The Environmental Protection Agency has ordered BP to use a less toxic and more effective chemical to break up the oil that leaked from their offshore drilling platform. According to The Wall Street Journal, Of all the chemicals approved by the agency for use on oil spills, Corexit 9500 is among the most toxic to certain organisms, according to EPA tests. It also is among the least effective in breaking up the kind of oil that is prevalent in the area around the spill site, EPA tests concluded. Corexit 9500 was available in large quantities at the time of the accident, however, and was on the EPA's list of approved dispersants.
Apparently, activist groups got in touch with their friends in Congress, especially Rep. Edward Markey (D-Mass.), who got himself worked up enough to write a nasty note to EPA s Lisa Jackson, says ACSH s Dr. Gilbert Ross. She, of course, immediately sent a note to the desperate execs at BP to use a less toxic dispersal agent, an example of shoot first, think later strategy. So now BP and the EPA have to run around evaluating at least three alternative, milder dispersal agents, while the oil keeps pouring in.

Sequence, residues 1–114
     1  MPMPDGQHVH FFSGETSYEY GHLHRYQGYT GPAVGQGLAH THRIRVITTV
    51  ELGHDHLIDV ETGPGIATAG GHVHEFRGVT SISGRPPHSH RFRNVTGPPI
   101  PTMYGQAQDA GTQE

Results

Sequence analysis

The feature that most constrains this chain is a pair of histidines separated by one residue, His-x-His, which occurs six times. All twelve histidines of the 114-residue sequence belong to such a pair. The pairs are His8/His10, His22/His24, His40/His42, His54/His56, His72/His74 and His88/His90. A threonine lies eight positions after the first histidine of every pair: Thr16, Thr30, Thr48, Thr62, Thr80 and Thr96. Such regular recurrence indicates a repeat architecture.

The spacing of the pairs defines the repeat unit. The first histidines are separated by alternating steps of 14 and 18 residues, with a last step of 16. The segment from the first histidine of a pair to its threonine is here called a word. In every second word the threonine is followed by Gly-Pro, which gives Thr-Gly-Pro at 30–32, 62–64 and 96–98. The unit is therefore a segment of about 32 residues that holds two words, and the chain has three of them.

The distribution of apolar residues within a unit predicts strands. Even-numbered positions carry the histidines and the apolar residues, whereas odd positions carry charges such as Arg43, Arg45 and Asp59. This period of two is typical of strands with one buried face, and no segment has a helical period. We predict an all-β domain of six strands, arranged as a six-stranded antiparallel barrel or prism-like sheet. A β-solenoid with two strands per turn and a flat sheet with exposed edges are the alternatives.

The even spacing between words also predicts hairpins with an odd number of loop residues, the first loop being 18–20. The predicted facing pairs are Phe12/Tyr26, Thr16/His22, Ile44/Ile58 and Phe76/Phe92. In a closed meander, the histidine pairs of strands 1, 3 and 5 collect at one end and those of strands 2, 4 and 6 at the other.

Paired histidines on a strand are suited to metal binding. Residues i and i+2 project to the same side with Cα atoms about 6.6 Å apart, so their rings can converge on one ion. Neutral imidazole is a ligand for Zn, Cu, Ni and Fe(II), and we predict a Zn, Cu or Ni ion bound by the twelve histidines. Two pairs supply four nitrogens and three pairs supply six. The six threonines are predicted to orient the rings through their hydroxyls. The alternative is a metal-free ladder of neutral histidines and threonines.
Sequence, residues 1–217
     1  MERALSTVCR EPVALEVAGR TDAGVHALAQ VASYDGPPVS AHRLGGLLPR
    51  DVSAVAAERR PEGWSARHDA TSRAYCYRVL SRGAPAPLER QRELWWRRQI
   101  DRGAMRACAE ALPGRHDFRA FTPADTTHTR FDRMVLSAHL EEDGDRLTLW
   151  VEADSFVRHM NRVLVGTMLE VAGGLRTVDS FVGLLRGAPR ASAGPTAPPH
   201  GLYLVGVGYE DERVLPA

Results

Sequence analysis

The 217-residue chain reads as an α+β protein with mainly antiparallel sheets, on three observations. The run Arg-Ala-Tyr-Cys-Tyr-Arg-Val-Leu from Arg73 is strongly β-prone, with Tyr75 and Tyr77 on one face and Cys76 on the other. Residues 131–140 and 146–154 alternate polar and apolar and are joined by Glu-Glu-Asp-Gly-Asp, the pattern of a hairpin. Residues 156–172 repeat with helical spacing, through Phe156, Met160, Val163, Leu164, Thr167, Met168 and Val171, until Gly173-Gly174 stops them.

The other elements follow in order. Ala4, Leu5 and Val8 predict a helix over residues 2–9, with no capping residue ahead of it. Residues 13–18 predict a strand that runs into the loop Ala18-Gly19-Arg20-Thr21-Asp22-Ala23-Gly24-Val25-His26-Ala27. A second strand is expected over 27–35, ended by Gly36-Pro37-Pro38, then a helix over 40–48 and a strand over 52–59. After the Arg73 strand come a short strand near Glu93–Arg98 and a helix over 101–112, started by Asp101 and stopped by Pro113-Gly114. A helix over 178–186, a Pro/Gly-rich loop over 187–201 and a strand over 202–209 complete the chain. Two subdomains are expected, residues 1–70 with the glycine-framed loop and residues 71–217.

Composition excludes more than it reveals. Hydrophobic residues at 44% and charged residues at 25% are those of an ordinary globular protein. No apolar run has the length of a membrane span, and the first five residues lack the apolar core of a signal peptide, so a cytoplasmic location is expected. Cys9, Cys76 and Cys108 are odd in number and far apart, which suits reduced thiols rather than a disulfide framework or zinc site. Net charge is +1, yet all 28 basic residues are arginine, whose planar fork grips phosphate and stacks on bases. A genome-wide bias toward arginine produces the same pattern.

ACSH s Dr. Elizabeth Whelan adds, The broader issue here is that, in a time of crisis, the EPA will still kowtow to activist pressure. The last thing the Gulf Coast needs now are EPA agents trying to help, and mainly interfering with the progress of dealing with this disaster.